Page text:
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Embroidery Tips, Machine Embroidery Thread

Posted on Monday, August 31, 2009 in Sewing Machines

 There are many different varieties of sewing threads. Embroidery thread is adventurous and creative.

 There are important considerations you have to bear in mind before creating or ordering your own, custom embroidery designs. For D-I-Y (Do-it-yourself) people, it is easy to get yourself a hi-tech embroidery machine complete with digitized programs, but the quality of your work will depend on your own artistic instincts and knowledge of specific embroidery techniques.

In order to create a high quality embroidery product, there are a few basic, but significant components that you have to watch out for when creating your own embroidery. These include:
embroidery thread  The Thread: 
The two main types of embroidery threads are Polyester and Rayon. Though the best looking designs are stitched with Rayon, Polyester is much sturdier than the former. This is because Rayon is very thin in comparison to other thread types, which also makes it hard to adjust tension.

The color of the thread also has to complement the colors in the embroidery design, along with the color of the fabric. Remember that threads can also appear to be of different shades of color depending upon the angle from which they are viewed. So choose accordingly. For example, less contrast between the colors of the fabric and the design can hide small flaws.


Fill-stitches form different patterns and stitch directions, and cover large areas. Too many stitches will create small gaps and too few will show through the design. So decide what type of design will be most appropriate for your Fill Stitch. Keep in mind that fabric tends to absorb small stitches, so they should be avoided.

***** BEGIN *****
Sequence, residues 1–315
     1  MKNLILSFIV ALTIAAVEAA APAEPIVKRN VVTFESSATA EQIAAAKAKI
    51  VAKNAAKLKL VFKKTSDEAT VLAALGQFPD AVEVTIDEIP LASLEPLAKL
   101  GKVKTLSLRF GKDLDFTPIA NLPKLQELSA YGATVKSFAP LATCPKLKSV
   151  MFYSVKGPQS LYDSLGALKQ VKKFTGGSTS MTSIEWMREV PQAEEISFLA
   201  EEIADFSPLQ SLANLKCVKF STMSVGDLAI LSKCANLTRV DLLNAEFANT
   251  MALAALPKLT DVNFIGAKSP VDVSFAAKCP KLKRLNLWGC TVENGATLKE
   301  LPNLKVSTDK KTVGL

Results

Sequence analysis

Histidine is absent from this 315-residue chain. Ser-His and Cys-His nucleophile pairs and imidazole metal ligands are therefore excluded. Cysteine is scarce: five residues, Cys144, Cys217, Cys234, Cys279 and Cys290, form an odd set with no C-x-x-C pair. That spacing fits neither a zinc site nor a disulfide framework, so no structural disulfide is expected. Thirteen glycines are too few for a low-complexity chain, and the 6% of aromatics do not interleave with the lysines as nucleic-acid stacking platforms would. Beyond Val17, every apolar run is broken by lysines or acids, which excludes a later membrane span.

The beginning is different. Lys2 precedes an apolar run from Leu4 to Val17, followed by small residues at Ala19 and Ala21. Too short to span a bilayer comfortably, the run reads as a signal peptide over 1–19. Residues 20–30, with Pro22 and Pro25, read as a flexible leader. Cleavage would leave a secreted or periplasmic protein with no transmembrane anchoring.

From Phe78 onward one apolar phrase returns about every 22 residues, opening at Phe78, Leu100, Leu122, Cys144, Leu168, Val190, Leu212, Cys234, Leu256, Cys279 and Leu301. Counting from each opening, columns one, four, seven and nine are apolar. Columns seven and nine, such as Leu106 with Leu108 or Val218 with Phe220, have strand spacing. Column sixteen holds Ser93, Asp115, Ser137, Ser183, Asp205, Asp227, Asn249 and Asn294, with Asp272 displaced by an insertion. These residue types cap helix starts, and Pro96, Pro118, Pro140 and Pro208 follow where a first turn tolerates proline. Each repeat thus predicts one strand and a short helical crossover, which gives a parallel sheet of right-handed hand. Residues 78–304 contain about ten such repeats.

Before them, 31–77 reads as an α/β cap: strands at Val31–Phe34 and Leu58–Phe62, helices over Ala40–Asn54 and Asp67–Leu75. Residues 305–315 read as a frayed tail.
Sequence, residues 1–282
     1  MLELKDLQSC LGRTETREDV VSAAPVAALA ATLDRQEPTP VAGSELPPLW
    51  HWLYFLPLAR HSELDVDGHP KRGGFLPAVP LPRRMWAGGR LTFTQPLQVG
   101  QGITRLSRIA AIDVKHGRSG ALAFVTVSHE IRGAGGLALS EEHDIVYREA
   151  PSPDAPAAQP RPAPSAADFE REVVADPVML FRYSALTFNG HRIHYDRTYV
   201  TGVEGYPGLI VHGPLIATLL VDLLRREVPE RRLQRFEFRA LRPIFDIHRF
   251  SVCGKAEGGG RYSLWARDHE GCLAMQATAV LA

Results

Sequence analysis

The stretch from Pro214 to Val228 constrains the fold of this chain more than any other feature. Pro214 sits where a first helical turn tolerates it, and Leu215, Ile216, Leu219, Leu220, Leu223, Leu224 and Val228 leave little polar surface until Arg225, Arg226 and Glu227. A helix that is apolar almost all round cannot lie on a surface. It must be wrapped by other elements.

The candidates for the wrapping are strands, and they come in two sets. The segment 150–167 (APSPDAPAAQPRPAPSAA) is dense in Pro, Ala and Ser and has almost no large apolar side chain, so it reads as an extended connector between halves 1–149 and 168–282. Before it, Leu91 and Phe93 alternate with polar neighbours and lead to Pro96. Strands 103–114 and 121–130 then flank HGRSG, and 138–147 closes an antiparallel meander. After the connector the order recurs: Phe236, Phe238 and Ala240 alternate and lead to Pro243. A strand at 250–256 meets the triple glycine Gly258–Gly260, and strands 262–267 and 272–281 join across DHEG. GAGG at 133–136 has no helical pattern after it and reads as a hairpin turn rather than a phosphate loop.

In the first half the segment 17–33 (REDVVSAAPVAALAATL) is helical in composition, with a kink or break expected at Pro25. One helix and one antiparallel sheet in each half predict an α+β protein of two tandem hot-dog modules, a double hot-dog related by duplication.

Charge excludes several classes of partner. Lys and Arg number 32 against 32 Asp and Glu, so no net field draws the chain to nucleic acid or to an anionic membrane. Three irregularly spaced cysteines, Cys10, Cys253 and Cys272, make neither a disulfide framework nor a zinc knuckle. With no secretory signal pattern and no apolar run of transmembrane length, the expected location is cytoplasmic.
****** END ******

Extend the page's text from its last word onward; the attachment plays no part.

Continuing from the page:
Underlay stitches, though often overlooked, plays an important part in the final embroidery quality and design. This is because they stabilize the material held in the embroidery frame. The method in which underlay stitches are sewn into the material also paves the way for the top stitches.

Backing Materials:

The amount of stability and support provided by backing materials often determines the quality of the finished product. Backing materials like Cutaways and Tearaways should be chosen according to the type of garment or fabric used. For example, cutaway backings are ideal for knit fabrics. Tearaways can be great for those who want work quickly done because they are the easiest to use.

The Topping:

Toppings prevent fibers from getting caught in between stitches on some rough textured fabrics such as Fleece. This is made possible by sti 1000 tching the embroidery through the topping, the fabric, and the backing material. Topping such as water-soluble films, when laid over stitches-observing fabric types prevent embroidery stitches from sinking into the fabric.


The most noticeable area of the garment should be chosen as the central location of the embroidery design. However, this may be modified according to the type of garment on which the embroidery is to be applied. For example, the primary location for Short Sleeve Shirts and Long Sleeve Shirts is the Left Chest, but secondary location for Short Sleeves is more appropriate on the Left Arm; while for Long Sleeves, Center Back location looks better. 

By: George Royal

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